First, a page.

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    Default New Member, a little confused


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    New to this forum, but have been reading and lurking for a bit. I have no lizards of any kind at the moment (just a ball python), but my fiance and I are interested in getting a leo to add to our collection. Sorry if this is a long first post.

    Mainly, it appears from reading this forum that mealworms are not the best staple, despite all the other info and forums I've been reading recently and now I am confused. That they could eat these was one of the reasons that we were looking at them in the first place as we already raise mealworms for birds, bats, and other insectivores.

    To be clear - I have no issue with feeding a combo of dubia and some other bugs either, I just want to know that I won't kill a leo if I feed mealworms more often than the others.
    >>When I fostered a beardy, she was constantly getting reinfected with pin worms and needing de-wormed, and my herp vet said the likely culprit was the crickets. (she also mentioned that they usually have a low load of these without effect, but my dragon was especially sensitive to them and would get diarrhea easily). So I really don't want to deal with the multiple repeated fecals and treatments if I can get around it. The beardy did much better on dubia, hornworms, and freshly molted mealworms.

    So from reading here it seems that a combo of mealworms, dubia, and maybe hornworms would be perfectly healthy, but I'm now a little nervous about it. I don't particularly like the idea of a roach colony, esp for a single leo - I can order them in smaller amounts online, but that would make them 1/2 the diet with mealworms the other 1/2, and sometime hornworms or calici worms as treats when the local reptile event happens.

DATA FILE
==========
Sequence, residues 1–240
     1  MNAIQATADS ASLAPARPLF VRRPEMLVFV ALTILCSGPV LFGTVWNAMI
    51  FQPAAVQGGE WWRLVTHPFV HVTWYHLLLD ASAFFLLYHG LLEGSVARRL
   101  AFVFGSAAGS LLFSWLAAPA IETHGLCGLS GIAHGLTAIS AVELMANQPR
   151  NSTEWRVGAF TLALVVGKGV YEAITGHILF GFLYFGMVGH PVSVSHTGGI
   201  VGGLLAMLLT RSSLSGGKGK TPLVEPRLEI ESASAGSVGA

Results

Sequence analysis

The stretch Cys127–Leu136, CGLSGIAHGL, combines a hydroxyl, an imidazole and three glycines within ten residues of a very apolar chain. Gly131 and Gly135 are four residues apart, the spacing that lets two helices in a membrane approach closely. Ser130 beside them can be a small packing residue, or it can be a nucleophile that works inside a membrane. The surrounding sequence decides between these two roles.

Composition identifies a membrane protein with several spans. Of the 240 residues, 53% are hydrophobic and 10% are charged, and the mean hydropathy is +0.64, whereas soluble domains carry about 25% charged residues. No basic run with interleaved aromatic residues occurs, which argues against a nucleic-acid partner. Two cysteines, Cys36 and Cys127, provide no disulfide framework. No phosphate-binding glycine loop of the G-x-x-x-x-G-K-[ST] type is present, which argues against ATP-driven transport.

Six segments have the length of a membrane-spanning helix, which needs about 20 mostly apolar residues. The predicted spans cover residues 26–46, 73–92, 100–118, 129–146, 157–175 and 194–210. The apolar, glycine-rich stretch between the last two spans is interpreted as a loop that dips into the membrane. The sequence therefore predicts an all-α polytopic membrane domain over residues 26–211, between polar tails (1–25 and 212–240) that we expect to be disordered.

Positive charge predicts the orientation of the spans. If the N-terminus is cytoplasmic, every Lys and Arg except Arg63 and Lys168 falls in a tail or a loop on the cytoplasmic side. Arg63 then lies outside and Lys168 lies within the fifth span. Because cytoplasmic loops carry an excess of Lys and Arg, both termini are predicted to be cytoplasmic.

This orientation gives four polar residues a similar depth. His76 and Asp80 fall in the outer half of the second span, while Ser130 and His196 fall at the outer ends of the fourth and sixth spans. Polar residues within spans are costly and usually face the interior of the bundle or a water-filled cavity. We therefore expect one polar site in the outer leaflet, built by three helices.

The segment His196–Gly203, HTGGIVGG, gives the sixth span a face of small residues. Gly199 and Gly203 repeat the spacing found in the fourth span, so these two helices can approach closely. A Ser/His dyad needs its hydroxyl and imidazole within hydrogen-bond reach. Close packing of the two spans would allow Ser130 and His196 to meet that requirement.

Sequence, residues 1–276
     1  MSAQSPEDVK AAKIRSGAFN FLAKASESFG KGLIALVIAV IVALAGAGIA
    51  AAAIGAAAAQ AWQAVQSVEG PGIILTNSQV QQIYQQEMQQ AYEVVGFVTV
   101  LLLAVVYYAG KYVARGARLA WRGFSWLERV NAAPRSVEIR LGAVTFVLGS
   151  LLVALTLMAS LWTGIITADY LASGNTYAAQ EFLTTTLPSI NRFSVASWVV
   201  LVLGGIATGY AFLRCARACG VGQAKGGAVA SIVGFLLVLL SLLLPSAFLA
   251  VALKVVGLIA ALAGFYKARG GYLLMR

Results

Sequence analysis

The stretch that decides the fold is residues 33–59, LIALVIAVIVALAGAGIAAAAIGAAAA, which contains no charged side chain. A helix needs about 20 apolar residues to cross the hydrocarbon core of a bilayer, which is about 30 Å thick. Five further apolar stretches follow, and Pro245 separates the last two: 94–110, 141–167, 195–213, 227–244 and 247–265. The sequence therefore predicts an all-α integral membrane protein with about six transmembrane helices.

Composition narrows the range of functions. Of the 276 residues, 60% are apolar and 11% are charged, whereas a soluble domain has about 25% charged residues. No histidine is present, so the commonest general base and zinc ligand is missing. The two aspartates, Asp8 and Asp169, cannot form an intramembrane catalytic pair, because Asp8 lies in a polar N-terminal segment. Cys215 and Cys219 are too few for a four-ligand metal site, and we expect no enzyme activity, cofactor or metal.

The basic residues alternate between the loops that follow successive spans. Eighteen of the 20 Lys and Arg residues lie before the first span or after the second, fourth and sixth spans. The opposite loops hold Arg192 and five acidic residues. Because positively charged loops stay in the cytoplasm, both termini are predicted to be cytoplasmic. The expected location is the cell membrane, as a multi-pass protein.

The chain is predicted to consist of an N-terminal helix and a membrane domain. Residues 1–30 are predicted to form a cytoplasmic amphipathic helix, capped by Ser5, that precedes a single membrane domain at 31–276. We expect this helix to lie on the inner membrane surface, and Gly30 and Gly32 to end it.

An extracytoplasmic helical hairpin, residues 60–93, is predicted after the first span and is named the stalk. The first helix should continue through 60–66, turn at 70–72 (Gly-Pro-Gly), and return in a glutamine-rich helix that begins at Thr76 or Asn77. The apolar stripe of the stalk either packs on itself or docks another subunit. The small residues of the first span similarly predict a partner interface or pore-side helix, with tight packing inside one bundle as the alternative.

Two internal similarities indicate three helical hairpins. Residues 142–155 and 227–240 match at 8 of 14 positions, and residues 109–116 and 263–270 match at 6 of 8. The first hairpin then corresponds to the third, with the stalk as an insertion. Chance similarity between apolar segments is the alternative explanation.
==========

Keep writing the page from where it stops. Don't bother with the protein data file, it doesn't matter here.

My biggest worry with getting an insectivore is not being able to get enough of the right kind of insects or causing malnutrition or death.
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    Also, I guess I should ask - if I were to buy say 100 dubia from josh's frogs, how long would that last a 30-40g gecko and an adult (I am looking at getting a single male giant or super giant, hopefully sub-adult)

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    While admittedly the best gecko diet is a variety of feeders, I find that there are a lot of gloom and doom people out there who say that certain feeders, especially if they are the only item in the diet, are nutritional problems for leopard geckos. I imagine that these people have never had picky kids! Here is an article about gecko nutrition in general:
    Nutritional Value of Commercially Raised Insects - Gecko Time - Gecko Time